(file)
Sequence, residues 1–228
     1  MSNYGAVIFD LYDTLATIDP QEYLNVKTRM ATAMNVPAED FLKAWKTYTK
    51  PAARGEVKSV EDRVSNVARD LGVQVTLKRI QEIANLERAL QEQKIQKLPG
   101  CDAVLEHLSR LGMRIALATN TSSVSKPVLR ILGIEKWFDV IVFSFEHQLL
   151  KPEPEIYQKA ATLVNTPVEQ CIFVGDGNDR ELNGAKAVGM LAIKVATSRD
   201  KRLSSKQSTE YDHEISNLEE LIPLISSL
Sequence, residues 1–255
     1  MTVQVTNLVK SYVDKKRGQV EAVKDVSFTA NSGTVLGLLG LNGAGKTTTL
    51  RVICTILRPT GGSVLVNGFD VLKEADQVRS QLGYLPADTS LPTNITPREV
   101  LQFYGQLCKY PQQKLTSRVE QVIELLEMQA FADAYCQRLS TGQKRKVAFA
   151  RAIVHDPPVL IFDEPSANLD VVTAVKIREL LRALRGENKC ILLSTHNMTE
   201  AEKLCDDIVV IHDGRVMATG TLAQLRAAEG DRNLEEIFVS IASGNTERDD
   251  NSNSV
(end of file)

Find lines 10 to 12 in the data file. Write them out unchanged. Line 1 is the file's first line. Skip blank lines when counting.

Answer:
   101  LQFYGQLCKY PQQKLTSRVE QVIELLEMQA FADAYCQRLS TGQKRKVAFA
   151  RAIVHDPPVL IFDEPSANLD VVTAVKIREL LRALRGENKC ILLSTHNMTE
   201  AEKLCDDIVV IHDGRVMATG TLAQLRAAEG DRNLEEIFVS IASGNTERDD